In a family, collies bond tightly to every member, though usually have a favorite.  They guard their family with their life, but allow guests and visitors without issue.

Cons of Collies

Roughs require frequent, trained grooming.  They need brushing out multiple times a week, and shed heavily.  Smooths do not tangle, but shed heavily.

They bark.  Collies bark at intruders, squirrels and mailmen.  They also bark at leaves falling off trees, and that funny noise the dryer makes.  Collies learn quickly to be quiet when told, but as watchdogs they do make some noise.

Some health conditions exist, and the breed is sensitive to some specific drugs.  Research this before bringing one home, as unknowing vets have accidentally killed dogs.


Beagles

Why Beagles are one of the Best Dog Breeds:

Beagles love people, and quickly settle in with guests and visitors.  They get along well with other pets and prefer to live with other dogs.

They will go anywhere and do any sport or activity with you.  Don’t be fooled by their short stature–they happily jog for hours once trained.  They are highly food motivated and some will work for play (especially real rabbit fur toys).

With their short, tight coat, they don’t require grooming.  They eat anything, and are robust and healthy little dogs.

Cons of Beagles

They are highly food motivated.  I know I listed this as a pro, but that’s when you want them to do something.  They will go to great lengths to acquire food, including destruction of personal property.  Crate train thoroughly.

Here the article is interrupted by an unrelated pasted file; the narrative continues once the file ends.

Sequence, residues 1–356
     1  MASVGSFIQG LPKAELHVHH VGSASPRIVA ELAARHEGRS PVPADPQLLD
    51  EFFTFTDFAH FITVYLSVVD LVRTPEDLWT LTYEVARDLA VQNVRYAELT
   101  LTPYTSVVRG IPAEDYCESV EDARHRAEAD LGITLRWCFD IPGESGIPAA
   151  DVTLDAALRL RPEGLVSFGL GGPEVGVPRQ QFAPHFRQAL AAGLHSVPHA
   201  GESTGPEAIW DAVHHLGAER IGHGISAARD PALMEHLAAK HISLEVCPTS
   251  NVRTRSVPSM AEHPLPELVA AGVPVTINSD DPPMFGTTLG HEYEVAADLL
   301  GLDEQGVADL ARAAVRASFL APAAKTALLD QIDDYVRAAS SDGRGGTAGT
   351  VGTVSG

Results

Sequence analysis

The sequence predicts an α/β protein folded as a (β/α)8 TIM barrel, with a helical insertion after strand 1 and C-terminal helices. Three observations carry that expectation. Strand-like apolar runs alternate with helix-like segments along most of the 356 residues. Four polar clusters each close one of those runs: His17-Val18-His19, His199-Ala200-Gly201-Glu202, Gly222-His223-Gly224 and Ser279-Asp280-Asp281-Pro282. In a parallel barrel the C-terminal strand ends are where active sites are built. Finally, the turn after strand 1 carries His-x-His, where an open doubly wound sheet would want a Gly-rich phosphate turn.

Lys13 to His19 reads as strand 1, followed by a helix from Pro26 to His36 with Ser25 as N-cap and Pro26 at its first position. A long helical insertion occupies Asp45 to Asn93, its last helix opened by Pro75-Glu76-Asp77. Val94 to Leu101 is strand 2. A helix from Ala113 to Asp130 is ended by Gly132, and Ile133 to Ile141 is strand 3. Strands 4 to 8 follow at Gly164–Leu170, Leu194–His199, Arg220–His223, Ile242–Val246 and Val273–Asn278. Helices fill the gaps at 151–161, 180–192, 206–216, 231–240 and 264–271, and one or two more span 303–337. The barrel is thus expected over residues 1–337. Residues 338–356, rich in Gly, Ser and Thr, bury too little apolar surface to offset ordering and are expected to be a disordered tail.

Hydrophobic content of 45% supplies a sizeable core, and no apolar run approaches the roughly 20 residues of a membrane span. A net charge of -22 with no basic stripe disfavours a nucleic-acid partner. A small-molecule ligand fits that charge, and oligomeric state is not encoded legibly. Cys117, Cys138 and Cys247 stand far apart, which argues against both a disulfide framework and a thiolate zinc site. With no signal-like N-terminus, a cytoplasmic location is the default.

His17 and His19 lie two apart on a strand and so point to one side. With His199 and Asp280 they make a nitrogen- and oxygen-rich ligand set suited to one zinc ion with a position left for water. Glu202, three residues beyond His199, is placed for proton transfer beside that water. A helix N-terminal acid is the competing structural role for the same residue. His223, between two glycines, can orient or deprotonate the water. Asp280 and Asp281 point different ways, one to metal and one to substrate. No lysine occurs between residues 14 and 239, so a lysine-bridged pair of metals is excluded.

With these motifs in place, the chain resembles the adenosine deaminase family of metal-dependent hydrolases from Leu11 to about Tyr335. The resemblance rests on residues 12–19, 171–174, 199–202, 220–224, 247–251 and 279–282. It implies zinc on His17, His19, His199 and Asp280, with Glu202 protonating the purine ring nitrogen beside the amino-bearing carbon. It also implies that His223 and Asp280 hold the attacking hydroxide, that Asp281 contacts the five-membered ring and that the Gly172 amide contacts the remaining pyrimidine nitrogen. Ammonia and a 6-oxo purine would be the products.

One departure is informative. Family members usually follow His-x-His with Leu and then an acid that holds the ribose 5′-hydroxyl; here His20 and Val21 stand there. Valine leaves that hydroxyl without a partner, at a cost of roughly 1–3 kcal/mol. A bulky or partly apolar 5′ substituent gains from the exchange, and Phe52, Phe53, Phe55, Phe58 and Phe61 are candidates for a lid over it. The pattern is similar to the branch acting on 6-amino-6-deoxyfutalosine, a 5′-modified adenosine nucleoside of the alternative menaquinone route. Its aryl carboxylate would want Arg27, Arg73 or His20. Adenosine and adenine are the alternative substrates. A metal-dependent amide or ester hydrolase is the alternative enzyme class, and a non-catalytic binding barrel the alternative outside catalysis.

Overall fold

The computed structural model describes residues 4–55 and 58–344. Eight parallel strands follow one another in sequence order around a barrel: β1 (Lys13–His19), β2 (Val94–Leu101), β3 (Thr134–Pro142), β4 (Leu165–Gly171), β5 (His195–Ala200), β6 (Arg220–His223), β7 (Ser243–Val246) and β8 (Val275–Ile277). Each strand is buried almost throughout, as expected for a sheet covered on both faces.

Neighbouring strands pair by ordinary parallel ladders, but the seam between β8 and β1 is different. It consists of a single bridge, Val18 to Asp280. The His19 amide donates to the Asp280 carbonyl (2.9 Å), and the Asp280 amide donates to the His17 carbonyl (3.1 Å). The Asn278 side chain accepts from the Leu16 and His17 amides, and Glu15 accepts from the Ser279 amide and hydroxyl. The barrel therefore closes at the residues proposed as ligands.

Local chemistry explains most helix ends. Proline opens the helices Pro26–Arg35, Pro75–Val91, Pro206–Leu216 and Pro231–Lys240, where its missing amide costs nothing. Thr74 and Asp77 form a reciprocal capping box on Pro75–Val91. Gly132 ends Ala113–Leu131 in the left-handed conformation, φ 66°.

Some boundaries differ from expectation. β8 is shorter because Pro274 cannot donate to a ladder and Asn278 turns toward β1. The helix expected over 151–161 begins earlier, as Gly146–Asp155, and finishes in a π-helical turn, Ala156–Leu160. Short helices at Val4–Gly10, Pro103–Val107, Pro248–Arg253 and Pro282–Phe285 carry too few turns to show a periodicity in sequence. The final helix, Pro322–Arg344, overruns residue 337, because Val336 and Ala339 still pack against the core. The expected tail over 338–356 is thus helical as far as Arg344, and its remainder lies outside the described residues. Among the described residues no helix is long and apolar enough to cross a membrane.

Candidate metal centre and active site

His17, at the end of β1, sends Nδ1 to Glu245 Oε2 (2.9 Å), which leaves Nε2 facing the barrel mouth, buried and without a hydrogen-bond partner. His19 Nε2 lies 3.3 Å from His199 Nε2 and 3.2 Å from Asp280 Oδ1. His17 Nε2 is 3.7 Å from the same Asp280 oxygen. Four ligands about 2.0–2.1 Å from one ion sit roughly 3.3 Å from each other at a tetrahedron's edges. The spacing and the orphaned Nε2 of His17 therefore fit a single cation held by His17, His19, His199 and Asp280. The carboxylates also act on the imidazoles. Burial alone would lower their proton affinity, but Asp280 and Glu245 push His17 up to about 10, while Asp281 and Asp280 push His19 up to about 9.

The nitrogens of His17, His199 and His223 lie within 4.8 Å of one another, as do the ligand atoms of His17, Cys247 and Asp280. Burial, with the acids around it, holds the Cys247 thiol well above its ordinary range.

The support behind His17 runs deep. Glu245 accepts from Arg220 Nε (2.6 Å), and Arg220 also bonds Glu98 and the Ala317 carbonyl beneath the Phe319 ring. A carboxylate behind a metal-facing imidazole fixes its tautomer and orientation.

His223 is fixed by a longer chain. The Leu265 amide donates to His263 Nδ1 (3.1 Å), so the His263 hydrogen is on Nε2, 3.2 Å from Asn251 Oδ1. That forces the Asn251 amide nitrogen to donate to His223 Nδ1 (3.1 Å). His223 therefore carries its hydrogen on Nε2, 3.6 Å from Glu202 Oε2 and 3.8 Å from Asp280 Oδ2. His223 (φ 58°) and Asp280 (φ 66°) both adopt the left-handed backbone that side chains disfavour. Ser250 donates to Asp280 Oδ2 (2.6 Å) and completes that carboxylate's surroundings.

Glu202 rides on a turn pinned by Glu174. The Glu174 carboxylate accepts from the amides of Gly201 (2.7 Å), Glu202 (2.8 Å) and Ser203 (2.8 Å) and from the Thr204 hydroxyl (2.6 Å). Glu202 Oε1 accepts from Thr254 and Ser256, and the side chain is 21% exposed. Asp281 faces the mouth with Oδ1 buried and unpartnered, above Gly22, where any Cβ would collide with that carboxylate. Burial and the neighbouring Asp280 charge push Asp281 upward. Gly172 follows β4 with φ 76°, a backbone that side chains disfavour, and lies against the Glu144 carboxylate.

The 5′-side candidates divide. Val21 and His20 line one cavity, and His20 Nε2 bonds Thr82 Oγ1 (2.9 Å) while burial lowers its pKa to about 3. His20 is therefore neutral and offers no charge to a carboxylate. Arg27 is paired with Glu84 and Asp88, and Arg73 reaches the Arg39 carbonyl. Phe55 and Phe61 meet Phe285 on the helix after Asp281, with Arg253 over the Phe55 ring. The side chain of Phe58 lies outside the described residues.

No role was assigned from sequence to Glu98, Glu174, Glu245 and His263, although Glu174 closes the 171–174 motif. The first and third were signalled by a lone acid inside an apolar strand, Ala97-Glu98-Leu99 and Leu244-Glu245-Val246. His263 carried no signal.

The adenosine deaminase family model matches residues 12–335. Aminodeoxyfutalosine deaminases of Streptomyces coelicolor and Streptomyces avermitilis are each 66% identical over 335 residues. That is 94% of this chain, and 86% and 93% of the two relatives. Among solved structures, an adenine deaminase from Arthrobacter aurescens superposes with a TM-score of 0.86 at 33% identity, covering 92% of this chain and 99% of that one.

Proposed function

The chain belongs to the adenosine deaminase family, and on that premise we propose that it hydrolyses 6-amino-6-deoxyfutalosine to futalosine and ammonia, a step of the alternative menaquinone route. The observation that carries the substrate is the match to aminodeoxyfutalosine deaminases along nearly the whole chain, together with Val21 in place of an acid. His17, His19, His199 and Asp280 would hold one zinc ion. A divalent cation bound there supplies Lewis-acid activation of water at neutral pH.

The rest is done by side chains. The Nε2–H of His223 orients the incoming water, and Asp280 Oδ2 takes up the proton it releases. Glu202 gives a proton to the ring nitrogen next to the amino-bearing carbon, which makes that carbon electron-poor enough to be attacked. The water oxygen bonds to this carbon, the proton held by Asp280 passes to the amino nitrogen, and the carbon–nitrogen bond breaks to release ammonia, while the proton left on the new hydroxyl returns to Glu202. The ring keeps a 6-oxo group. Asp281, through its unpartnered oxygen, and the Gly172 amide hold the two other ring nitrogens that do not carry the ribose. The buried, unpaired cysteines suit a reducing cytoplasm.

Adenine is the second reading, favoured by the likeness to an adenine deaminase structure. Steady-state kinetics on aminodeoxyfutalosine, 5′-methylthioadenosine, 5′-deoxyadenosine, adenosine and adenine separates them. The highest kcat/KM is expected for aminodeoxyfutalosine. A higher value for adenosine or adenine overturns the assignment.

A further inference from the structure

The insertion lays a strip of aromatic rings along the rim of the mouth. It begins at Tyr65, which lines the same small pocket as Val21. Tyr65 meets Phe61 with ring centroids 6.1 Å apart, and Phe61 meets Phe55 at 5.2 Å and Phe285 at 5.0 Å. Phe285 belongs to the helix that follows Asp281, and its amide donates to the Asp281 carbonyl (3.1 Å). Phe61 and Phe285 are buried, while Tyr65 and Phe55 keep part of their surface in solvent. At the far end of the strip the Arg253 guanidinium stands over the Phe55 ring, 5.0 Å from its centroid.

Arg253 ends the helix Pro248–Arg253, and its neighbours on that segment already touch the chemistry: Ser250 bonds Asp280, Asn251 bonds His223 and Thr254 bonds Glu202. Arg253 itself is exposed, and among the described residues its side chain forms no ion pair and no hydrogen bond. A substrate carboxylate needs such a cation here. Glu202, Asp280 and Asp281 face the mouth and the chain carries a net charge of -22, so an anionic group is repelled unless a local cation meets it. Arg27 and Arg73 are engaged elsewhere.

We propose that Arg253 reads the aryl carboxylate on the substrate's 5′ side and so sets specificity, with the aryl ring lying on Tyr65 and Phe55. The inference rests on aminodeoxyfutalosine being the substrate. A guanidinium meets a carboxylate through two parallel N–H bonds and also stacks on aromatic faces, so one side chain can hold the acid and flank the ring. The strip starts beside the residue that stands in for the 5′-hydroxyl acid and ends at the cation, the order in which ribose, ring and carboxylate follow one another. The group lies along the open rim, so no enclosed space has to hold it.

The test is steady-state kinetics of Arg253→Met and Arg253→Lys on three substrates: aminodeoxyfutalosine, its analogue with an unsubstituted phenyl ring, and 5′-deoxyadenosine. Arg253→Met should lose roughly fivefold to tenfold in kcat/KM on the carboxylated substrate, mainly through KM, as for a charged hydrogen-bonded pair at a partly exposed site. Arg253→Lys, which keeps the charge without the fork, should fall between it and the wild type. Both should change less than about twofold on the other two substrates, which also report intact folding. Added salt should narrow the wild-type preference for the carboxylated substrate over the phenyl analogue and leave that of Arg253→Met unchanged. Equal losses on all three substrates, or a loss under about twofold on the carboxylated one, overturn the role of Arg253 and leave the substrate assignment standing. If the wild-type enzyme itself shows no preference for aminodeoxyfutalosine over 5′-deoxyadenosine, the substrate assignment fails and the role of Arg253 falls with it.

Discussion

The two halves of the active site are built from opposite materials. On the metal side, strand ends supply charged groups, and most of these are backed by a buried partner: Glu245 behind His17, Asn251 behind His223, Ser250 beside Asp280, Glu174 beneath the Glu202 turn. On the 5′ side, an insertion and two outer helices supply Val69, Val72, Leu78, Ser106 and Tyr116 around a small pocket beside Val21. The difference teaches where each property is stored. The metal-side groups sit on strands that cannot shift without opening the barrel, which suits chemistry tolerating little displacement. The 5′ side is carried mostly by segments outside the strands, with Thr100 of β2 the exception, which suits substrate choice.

Beagles sometimes have trouble with housebreaking.  Dogs pee in the same places, and their sensitive nose leads them back even after thorough cleaning.

Beagles require a different training technique than sporting, herding, and working breeds, and finding an obedience class that caters to their temperament sometimes proves difficult.  While I am a strong proponent of the Obedience Training Club, some clubs have difficulty working with the hound breeds.  You might need to try a few different clubs.

Beagles sometimes hunt other small mammals and some will not safely live with guinea pigs, rabbits, or other small pets.  They may also attempt to kill cats despite their small stature.



Poodles

Why Poodles are one of the Best Dog Breeds:

Biggest pro?  Multiple sizes!  If your family wants a small dog, get a toy or mini, but standards grow as large as a Labrador.

As one of the smartest dog breeds, Poodles learn anything and everything your family tries to teach them.  While poorly bred poodles often exhibit aggressive tendencies, a well-bred poodle acts very much like a Golden retriever.

These active dogs love children, and love playing with children.  They learn new games and tricks at the drop of a hat, and are motivated by play, food, and praise.  They easily earn top awards in obedience, agility, and hunting competitions.  Yes, poodles can hunt, and are one of the oldest breeds of retriever.

This breed is active as a puppy but calms down well after adolescence.  Standards enjoy daily exercise and make good jogging partners.

Cons of Poodles

Recognize that grooming your poodle is not an option.  The coat grows without shedding, and will develop large knots very quickly.  Daily brushing and frequent trips to the groomer keep the coat in shape.  Many super adorable clips help keep grooming to a minimum.

Because of their long-term popularity, poor breeding and puppy mills plague the breed.  Poorly-bred poodles exhibit major health conditions, missing teeth, and terrible temperaments.  Find a well-bred poodle from titled parents and a good breeder.  Don’t accept second-best from this breed.



What breed have you chosen?

Tell me about your family’s breed, and your experiences.  Do you think they are the norm for your breed, or do you think you got lucky?